The would-be wedding scene of the Sex And The City movie where Big leaves Carrie at the altar sinks my heart deep into my chest every single time I see it. Even years later. You'd truly have to be a fan of the series to understand the complexity of their relationship and get why his cowardly act felt especially cruel.
Long story short, Carrie often visited the blistering corners of hell with Big and returned with more than a few burns. Yet, she not only found a way to forgive him, she loved him a little bit harder each time. Her devotion to him was relentless.
Though (*spoiler alert*) she ultimately winds up marrying Big, I can't help but wonder (to use a Carrie phrase) why she ignored all the signs she should've ended the relationship for good. Or, more introspectively, why do so many of us stay with a partner we know we have no business being with?
A guy my friend was recently involved with told her that women are so desperate for a man they're willing to accept anything and anyone. Needless to say, it angered me. But as badly as I wanted to yell "BULLSHIT!" at the top of my lungs, a tiny part of me was curious to know if his outrageous assertion had any merit. I wondered if his thoughts could partially explain why we hang on to situations longer than we need to.
"We author our own playbooks, and get so deeply engrossed, we sometimes miss the signs we should hit the road"
Women have sort of been inoculated with this idea that we have to be patient and forgiving to no end. The indiscretions of the men in our lives infuriate us, yet society is always ready to offer up the same old tired excuses, "Well, he's a man, what do you expect?" or "Men just mature a lot slower than women. He'll get it together some day."
When you're constantly bombarded with these words, it eventually begins to wear on you. You begin to think you should be more understanding and not so quick to quit.
To add fuel to the fire, women tend to love extremely hard, and at times think we can nurture his flaws away. Our logic, "No one's perfect. Why not ride it out with this man who claims to love me? He'll get his shit together one day, right?" It then becomes a waiting game, and we find ourselves being far more forgiving than we've ever imagined. That unwavering ability to turn the other cheek time and time again runs painfully deep.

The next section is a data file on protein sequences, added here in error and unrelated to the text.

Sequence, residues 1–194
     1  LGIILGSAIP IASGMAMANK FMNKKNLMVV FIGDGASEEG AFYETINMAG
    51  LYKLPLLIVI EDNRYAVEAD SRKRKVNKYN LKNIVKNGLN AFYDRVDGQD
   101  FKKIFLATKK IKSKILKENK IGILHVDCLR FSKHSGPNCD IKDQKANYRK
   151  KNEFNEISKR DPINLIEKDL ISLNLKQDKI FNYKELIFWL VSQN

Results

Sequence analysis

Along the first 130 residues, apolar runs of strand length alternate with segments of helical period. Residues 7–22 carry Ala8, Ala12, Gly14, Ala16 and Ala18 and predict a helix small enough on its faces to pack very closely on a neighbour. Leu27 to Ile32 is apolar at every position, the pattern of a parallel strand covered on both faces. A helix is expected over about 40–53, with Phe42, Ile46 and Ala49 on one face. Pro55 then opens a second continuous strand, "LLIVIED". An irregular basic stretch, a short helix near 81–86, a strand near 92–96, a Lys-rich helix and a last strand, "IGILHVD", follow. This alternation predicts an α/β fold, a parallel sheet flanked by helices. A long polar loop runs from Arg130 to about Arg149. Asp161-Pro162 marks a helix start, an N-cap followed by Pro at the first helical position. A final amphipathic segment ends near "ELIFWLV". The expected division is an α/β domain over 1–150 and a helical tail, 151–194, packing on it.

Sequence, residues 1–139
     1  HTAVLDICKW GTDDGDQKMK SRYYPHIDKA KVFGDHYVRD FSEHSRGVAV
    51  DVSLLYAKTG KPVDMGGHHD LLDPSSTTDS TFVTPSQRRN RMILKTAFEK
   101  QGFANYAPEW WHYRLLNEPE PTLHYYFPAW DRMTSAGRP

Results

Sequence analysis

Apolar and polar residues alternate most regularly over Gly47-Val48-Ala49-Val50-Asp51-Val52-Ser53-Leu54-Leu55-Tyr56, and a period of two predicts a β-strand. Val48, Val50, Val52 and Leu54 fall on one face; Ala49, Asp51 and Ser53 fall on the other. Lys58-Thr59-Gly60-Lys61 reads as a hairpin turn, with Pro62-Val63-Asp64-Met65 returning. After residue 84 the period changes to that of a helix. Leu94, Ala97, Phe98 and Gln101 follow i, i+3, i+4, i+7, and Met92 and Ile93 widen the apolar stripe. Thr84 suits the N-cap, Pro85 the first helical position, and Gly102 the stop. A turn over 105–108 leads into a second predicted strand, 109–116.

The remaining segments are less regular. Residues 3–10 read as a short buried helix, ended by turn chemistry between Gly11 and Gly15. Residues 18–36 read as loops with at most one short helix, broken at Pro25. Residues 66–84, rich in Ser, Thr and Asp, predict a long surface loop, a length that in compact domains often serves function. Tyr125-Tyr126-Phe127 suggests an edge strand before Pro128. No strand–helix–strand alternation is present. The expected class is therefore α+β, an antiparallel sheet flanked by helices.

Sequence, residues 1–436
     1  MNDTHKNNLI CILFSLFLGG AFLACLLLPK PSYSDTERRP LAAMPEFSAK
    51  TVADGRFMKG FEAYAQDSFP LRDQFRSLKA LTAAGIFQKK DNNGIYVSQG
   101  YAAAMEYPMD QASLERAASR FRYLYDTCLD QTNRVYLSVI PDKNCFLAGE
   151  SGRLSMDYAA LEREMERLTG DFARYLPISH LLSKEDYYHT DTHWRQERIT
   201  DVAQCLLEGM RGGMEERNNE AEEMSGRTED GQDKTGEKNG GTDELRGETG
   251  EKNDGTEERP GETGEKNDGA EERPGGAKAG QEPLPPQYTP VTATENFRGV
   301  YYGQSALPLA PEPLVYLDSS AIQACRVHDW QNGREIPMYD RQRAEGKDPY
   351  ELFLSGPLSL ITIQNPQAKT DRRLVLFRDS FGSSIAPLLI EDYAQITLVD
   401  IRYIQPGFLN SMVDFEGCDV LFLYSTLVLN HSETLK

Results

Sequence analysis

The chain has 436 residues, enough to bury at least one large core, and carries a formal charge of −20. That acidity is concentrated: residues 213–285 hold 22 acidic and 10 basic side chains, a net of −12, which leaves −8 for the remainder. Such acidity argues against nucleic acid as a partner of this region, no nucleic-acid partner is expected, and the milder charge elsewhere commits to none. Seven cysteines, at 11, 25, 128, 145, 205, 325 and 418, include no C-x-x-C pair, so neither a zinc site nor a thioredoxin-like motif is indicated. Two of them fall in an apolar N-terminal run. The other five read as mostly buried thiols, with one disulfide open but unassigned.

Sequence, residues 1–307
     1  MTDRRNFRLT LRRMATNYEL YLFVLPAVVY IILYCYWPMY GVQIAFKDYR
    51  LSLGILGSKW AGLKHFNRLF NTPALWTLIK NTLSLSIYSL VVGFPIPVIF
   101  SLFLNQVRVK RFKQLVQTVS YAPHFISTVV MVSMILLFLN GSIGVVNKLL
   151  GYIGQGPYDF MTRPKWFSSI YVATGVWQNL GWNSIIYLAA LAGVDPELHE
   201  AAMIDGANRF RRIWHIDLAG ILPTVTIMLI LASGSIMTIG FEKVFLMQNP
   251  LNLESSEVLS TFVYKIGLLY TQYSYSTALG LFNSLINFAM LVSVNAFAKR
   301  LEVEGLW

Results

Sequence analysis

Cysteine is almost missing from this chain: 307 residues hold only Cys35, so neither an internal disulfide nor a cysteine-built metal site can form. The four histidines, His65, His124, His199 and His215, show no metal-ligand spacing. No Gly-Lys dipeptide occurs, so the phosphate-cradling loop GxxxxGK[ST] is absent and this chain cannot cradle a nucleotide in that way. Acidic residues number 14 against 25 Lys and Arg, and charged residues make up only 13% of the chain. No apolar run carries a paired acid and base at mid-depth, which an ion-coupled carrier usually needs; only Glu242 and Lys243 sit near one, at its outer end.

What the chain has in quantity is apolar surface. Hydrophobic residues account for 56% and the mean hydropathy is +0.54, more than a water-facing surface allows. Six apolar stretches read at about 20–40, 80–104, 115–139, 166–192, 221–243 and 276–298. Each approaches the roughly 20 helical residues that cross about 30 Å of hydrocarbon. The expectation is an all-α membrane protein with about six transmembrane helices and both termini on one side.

So sure, we do put up with a lot of crap. But I won't say that I, my friends, or other women I know are simply settling for whatever morsel of affection our partners offer. Because there isn't an overarching set of rules for love, we author our own playbooks, and get so deeply engrossed, we sometimes miss the signs we should hit the road. It happens.
The real task is being able to decipher what's worth fighting for and what's not. And as with everything else in life, it starts at home. Make sure you love yourself first. That seems like common sense, but a lot of times we put ourselves second to the people we're deeply attached to.
By doing that, it becomes extra difficult to see when we're being wronged. A friend of mine once told me, "When you know your worth, you never give discounts." I haven't forgotten those words since. You see, a lot of women are under the impression that "unconditional love" means sticking it through no matter what. That can be unhealthy. What about self preservation?
I'm not saying we should book it to the exit at the first hint of trouble. Trust me, I know relationships go through ups and downs. Instead, we should really examine if we and our partners are ultimately heading for a better place. We should ask ourselves the following questions:
- Do the pros heavily outweigh the cons?
- Is there mutual respect?
- Do you feel good about your relationship?
- Do you feel emotionally safe?
- Do you feel physically safe?
- Are you still IN love?
- Can you really see a future with this person?
- Are you both working TOGETHER to be better?
- Is the relationship actually improving?
Sometimes relationships can work out the kinks. But we should make sure it's on our terms. We shouldn't just author our playbooks, we should author our happy endings as well.
P.S. I'll never forgive Big for leaving Carrie on their wedding day while she was engulfed in that larger than life Vivienne Westwood dress. But I'm petty and #TeamAidan.
This article was written by Cliché. Follow her @CalamityCliche.